Those Ulster Unionists and Loyalists who have given unquestioning obedience to the English monarch over many generations – like my own family – should look beyond the propaganda about this ‘constitutional’ monarchy and ask some basic questions such as:
Why would a constitutional monarch be specifically placed beyond the law of the land?
Neither the Queen or Prince Charles can be brought before a court. There is no one in the UK who has the authority to arrest the monarch or their heirs.
All members of parliament, police officers, judges and lawyers must swear an oath of loyalty, not to the people they allegedly serve, but to the monarch. How can that be the case if we have a ‘constitutional’ monarchy, subject to the will and law of parliament?
Why would the royal family not pay tax like the rest of us, especially given their enormous wealth and their privileged position? It is true the Queen was persuaded to pay income tax in 1992, but that applies to the royal household only. It is important to distinguish between the Royal Household and the other tentacles of the royal empire. The Duchies of Lancaster & Cornwall – the business end of the regal empire – are entirely exempt from tax or any scrutiny of any kind. These are the companies that invest in tax havens such as the Cayman Islands.
You could try submitting a Freedom of Information request to find out about the regal finances, but you would find out that the Royals are exempt from FOIs.
Beyond their secret finances this ‘constitutional’ monarch requires the attendance of the Prime Minister every Tuesday.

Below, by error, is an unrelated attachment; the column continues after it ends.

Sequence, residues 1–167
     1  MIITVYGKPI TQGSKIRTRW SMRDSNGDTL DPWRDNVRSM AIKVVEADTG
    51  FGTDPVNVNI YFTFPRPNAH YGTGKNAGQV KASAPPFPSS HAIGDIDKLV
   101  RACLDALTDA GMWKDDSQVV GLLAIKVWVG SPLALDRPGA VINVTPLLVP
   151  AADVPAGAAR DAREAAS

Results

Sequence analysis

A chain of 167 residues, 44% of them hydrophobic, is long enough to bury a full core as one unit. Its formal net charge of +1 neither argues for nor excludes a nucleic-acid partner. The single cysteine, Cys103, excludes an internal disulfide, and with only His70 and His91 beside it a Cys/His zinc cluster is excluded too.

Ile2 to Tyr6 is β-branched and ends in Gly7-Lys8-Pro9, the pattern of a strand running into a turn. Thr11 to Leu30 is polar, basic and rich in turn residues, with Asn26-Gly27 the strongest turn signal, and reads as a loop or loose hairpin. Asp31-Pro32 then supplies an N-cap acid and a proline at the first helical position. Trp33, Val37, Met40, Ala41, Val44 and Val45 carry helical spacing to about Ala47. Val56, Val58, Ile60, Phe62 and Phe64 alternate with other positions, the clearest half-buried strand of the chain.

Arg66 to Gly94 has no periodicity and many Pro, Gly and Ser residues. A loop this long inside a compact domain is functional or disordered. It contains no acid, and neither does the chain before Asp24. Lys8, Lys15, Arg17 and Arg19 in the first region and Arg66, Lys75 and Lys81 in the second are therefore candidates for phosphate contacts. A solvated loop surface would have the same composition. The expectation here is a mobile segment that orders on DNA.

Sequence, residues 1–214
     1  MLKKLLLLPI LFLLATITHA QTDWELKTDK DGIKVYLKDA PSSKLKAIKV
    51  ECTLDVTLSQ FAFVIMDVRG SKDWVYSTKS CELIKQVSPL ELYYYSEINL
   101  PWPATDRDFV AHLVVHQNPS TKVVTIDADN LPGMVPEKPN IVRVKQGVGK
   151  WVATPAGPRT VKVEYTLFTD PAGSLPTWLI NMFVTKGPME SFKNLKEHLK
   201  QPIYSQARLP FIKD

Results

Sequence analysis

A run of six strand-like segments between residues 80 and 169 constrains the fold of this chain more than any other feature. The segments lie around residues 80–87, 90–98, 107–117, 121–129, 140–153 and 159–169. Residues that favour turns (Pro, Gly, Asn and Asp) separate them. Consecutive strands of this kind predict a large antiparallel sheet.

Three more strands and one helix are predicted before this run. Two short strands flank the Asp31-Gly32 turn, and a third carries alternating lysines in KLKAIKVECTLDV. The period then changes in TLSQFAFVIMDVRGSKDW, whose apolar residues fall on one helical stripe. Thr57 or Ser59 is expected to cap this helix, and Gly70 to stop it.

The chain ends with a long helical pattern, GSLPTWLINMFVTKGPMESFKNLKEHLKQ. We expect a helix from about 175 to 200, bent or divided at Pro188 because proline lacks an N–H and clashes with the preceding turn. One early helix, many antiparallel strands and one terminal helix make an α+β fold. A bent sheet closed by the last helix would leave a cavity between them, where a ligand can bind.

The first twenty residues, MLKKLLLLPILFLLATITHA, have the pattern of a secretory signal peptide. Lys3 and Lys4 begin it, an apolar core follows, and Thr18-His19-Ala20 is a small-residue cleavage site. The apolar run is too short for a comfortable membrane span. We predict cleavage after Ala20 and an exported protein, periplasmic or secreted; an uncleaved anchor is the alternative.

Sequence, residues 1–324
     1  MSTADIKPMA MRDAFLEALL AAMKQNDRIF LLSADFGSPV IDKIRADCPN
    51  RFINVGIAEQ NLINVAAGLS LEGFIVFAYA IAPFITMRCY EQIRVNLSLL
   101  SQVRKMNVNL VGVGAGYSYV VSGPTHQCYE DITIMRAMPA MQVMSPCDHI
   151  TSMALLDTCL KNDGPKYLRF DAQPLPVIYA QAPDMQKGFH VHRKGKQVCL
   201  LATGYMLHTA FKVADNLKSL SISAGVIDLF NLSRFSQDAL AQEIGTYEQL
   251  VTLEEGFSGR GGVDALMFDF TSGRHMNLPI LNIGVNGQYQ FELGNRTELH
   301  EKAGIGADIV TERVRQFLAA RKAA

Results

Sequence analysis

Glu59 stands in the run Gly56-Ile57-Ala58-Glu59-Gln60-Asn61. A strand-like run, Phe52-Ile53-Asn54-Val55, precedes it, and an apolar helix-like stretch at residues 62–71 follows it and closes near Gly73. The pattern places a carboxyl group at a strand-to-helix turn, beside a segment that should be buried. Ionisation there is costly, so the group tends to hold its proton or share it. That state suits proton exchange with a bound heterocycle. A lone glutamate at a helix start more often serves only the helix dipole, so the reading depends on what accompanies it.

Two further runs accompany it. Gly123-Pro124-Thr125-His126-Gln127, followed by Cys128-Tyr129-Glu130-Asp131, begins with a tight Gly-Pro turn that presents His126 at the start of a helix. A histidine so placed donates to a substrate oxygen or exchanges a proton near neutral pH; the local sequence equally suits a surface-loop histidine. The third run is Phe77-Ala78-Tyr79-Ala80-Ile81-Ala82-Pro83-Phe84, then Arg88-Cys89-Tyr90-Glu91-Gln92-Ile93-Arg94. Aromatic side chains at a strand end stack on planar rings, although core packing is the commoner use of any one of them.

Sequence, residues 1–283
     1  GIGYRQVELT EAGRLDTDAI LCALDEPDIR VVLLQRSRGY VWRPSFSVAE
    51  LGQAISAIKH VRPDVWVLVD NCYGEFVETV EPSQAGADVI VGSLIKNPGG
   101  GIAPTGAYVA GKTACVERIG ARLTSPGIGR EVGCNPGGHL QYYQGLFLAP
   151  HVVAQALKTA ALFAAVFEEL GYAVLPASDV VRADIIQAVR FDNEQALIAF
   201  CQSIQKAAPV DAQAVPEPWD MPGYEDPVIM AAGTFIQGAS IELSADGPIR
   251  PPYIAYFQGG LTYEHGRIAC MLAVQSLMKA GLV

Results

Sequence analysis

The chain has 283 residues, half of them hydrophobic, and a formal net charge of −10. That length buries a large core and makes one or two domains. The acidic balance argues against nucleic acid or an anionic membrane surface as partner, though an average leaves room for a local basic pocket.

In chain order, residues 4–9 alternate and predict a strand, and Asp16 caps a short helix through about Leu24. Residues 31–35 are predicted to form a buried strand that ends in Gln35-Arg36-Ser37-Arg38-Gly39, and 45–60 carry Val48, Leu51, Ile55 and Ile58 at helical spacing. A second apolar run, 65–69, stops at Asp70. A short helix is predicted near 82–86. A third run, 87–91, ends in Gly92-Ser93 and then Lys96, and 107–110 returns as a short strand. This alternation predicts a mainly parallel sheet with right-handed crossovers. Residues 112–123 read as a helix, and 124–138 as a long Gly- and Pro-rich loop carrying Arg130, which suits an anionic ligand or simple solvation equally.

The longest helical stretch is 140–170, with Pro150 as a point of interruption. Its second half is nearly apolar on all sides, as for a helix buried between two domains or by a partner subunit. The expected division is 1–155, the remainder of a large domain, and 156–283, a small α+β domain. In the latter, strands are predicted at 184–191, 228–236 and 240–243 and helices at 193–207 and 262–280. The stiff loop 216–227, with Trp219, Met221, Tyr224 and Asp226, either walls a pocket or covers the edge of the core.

Surely a ceremonial office doesn’t need to be kept so closely informed of the day to business of government? What do they discuss? Again that’s a secret. The monarch can ask about anything. There’s no such thing as confidentiality or state secrets when it comes to the monarch. They must be told. So in this way our democratic pretensions are shattered: our Prime Minister holds weekly secret meetings with an unaccountable, all-powerful monarch.
In addition all legislation must be approved by the monarch. Again we’re led to believe that this is just a rubber stamp, a formality. She has never refused ‘permission’, we are told.
But she doesn’t need to refuse in the full glare of public scrutiny if she meets the Prime Minister weekly for secret discussions. This can all be dealt with before any legislation reaches the final stages and, because the discussions are secret, we have no way of knowing how the monarch intervenes.
In addition the British monarch can dismiss the elected government and no elected government can take office until the monarch gives ‘assent’.
The monarch can command the armed forces, declare states of emergency and pardon criminals.
Of course the story goes that all these powers are ‘ceremonial’ and are only exercised by the monarch under advice from the government. But how do we know, if the communications between the monarch and our government are secret?
In 1975 the British monarch exercised these powers in the full glare of publicity and dismissed the elected Australian government and parliament.
The British Crown has remained the largest landowner not just in the United Kingdom – with 60 million acres and property valued at over £8 billion, but in the world owning one-sixth of all the earth’s land valued at £17.6 trillion. The Crown owns half of the British coastline. The list includes some of the country’s best-known buildings: iconic race courses, grand hotels, historic castles, and an offshore energy portfolio worth over £1 billion. In addition they have one of the largest and most important art collections in the world, containing over 7,000 paintings, 40,000 watercolours and drawings, about 150,000 old master prints, historical photographs, tapestries, furniture, ceramics, books, gold and silver plate, arms and armour, jewellery and other works of art. The collection includes the Crown Jewels in the Tower of London. The Koh-I-Nor diamond ‘acquired’ from India and the African Star ‘acquired’ from Africa are valued at around £1 billion and £300 million respectively.